A daunting task on the federal budget

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President Obama will release his proposed 2012-13 budget in early February. Over subsequent months, members of Congress will debate and attempt to score political points on the budget, especially in an election year, while special interests with their snouts stuck deep in the federal trough will seek to suck up even more taxpayer dollars.

Make no mistake, the federal budget has a real and significant impact on our economy. Unfortunately, contrary to assorted political claims, that effect — beyond various core duties, such as national defense — is overwhelmingly negative, particularly at recent levels of federal spending.

Reining in federal spending stands out as a critical, but daunting endeavor if our economy is to get back on a path of strong growth.

On Jan. 13, President Obama tried to claim the mantle of fiscal responsibility. He asked Congress for the authority to merge six federal agencies dealing with business and trade — the U.S. Department of Commerce’s core business and trade functions, the Small Business Administration, the Office of the U.S. Trade Representative, the Export-Import Bank, the Overseas Private Investment Corporation, and the U.S. Trade and Development Agency.

Any effort to truly streamline and eliminate duplication in government is welcome. The projected savings for taxpayers would tally up to $3 billion over 10 years. Hmmm. Keep in mind that the federal government, according to the Congressional Budget Office, is projected to spend a staggering $43.9 trillion from 2012 to 2021.

All of a sudden this proposal isn’t very impressive. For good measure, in government-speak, $3 billion in savings does not mean that outlays actually would be reduced by that amount. Instead, it’s about smaller than otherwise assumed increases. The President’s proposal seems less like real streamlining, and more like merely re-labeling what the government is doing.

If this is a signal of what we can expect when Obama releases his budget, Congress will need to take the budget in a very different direction.

It’s important to understand what’s happened in recent years on federal spending. The numbers drive home the lack of fiscal responsibility.

In just two years, from 2007 to 2009, federal outlays increased by 29 percent — from $2.7 trillion to $3.5 trillion. After a small, one-year breather in 2010, when outlays fell by 1.7 percent, spending increased in 2011 by another 4.2 percent. Therefore, over the four-year period of 2007 to 2011, the federal government grew by about one-third. And federal outlays are expected to increase in 2012 as well.

In fact, the CBO forecasts federal outlays rising relentlessly over the coming decade — topping $4 trillion in 2016 and $5 trillion by 2020. And after peaking in 2009 at 25 percent of economy, outlays are projected to stay in the range of 22 percent to 23 percent of GDP as far as the eye can see, according to both the CBO and the Office of Management and Budget. That’s never happened before in U.S. history.

Combine the recent spending binge with the dramatic decline in federal revenues due to the deep recession and poor recovery, and the federal budget deficit has run around $1.3 trillion to $1.4 trillion annually. It’s expected to come in at about $1 trillion this year. As a result, federal debt held by the public has more than doubled since 2007 — going from $5 trillion to an expected $11.3 trillion at the end of this year.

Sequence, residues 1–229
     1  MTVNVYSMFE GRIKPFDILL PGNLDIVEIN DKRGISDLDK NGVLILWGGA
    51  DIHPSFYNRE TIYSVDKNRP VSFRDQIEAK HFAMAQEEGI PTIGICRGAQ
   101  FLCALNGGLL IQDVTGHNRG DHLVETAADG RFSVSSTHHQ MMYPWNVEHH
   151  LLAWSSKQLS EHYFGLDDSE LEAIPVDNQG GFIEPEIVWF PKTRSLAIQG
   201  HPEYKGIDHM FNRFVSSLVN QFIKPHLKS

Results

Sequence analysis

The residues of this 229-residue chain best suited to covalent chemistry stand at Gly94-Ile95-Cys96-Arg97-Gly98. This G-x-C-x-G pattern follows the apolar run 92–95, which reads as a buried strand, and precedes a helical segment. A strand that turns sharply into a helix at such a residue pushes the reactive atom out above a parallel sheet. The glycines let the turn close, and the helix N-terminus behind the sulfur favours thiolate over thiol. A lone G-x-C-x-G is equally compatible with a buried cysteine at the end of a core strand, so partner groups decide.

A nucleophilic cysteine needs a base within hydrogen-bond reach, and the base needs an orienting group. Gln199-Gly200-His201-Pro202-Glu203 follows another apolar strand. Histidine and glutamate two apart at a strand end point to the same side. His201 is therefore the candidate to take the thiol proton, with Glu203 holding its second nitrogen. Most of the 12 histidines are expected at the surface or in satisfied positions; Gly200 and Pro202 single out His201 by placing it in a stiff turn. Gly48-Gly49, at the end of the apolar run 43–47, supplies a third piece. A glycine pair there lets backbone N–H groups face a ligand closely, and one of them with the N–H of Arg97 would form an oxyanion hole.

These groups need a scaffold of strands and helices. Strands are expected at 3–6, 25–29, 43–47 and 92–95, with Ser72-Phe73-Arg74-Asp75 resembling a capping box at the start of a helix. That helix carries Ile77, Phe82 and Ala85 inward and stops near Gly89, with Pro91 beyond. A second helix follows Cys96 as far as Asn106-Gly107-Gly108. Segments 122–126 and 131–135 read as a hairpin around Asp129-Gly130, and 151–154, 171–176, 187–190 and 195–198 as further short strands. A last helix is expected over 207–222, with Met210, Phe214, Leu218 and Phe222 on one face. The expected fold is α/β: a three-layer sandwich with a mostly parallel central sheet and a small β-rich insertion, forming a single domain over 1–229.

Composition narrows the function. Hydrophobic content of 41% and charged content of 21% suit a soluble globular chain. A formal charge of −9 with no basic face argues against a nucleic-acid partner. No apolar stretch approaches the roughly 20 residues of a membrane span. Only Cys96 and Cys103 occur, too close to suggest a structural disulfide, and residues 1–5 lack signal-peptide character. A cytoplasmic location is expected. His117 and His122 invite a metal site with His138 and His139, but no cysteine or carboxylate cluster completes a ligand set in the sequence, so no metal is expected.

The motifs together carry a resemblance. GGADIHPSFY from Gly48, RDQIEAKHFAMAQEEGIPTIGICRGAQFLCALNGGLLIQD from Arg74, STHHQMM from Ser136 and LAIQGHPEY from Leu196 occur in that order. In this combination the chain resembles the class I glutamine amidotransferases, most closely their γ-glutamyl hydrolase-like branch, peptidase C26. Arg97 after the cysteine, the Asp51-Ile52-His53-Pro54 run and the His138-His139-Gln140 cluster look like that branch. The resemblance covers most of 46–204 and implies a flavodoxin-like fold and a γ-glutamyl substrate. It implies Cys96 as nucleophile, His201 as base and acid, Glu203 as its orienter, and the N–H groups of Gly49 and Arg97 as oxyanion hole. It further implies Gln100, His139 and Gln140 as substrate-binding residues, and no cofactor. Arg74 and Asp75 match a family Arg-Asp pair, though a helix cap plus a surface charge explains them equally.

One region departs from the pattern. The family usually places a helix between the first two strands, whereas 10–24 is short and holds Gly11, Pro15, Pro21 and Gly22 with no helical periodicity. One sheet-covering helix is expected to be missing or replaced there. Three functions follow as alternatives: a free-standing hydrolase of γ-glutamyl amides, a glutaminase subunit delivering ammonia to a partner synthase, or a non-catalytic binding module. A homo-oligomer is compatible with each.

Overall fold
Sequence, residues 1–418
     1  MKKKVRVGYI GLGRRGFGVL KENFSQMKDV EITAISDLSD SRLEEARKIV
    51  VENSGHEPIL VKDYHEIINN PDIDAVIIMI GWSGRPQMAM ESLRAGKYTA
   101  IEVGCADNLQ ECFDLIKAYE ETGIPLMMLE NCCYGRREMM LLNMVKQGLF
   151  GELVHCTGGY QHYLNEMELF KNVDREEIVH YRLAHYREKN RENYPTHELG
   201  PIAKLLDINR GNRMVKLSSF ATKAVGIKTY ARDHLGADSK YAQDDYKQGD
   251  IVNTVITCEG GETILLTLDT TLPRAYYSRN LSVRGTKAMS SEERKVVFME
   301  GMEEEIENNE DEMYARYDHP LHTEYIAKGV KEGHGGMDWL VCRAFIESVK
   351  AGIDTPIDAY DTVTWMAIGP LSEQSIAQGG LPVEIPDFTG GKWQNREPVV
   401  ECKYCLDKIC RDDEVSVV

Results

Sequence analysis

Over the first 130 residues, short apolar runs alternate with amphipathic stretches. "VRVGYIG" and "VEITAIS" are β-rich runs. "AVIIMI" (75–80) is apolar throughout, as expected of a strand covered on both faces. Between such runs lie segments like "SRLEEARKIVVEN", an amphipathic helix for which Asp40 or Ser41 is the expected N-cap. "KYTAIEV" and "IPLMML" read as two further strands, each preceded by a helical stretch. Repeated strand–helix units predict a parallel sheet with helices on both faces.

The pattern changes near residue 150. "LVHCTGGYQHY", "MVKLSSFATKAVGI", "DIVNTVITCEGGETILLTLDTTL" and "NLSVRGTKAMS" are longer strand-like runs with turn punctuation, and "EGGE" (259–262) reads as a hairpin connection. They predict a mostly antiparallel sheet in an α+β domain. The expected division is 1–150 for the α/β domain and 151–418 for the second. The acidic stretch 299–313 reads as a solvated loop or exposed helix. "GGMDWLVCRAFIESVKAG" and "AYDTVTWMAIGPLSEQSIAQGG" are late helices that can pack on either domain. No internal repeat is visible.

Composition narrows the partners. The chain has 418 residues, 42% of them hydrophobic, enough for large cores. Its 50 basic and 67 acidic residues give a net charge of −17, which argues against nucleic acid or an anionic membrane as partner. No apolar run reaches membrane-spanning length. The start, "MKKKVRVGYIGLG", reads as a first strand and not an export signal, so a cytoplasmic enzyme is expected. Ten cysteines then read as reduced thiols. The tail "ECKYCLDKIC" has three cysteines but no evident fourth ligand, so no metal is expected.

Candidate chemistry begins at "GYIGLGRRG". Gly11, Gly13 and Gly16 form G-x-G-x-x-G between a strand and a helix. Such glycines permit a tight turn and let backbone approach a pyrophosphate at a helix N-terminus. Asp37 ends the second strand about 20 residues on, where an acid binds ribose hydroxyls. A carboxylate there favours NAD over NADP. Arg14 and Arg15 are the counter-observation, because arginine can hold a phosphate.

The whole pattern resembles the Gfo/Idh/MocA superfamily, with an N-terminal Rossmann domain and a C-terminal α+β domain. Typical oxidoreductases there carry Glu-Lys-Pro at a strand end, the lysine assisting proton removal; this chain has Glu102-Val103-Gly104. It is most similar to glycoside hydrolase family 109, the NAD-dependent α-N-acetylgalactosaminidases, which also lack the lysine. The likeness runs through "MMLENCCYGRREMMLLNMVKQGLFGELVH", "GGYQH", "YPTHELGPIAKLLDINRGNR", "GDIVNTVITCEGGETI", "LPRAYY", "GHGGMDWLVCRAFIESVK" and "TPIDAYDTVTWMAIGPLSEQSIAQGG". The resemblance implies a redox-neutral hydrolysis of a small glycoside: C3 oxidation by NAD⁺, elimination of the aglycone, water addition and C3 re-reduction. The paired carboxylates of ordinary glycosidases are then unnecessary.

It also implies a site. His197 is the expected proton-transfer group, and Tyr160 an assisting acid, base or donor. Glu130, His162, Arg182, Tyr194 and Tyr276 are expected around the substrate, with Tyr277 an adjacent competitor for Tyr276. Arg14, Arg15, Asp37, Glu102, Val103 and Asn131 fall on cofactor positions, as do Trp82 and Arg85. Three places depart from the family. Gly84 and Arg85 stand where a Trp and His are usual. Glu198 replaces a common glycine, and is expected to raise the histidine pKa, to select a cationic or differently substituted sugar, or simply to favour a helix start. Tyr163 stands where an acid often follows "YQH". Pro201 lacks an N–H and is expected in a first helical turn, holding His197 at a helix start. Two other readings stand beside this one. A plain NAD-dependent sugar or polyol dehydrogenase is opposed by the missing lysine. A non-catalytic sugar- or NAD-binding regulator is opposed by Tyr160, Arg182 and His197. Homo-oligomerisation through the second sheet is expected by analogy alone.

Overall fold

But why is any of this a concern for the economy? After all, didn’t we hear many politicians and even various economists proclaiming that the economy needed big increases in government spending and borrowing in order to get the economy moving? That is, in fact, what liberal Keynesian economists had advised, and what was implemented at the end of the Bush years and throughout the Obama administration. Of course, this hasn’t worked out too well.

Two fundamental flaws exist with this thinking. First, resources spent by the government have to come from somewhere, that is, whether via taxes or borrowing, they are diverted from the private sector. So, in effect, politically driven government spending replaces more productive private investment and spending. Think about government’s fallacious shovel-ready stimulus projects. Not only were they not shovel ready, as President Obama came to admit, but there’s nothing stimulating about politicians doling out dollars.

Second, individuals, entrepreneurs and businesses understand that pushing federal spending to historically high levels, along with unprecedented increases in federal debt, mean that chances increase for higher taxes in the near term and over the long haul.

At a time when the U.S. economy needs pro-growth tax relief, investors and businesses fear possible tax increases. None of this, obviously, is good for economic and employment growth.

If serious about reining in government in order to allow the private sector to expand, then a hard cap must be placed on federal outlays. Mitt Romney, who is seeking the Republican presidential nomination, has called for a spending cap at 20 percent of GDP. That’s well above the 18.2 percent level when President Clinton left office. But it effectively would put federal outlays where they stood in 2007 before the recent explosion in spending. That would be a huge improvement over where we’ve been under President Obama, and otherwise appear to be headed.

Raymond J. Keating is the chief economist for the Small Business & Entrepreneurship Council. His new book is “Chuck” vs. the Business World: Business Tips on TV.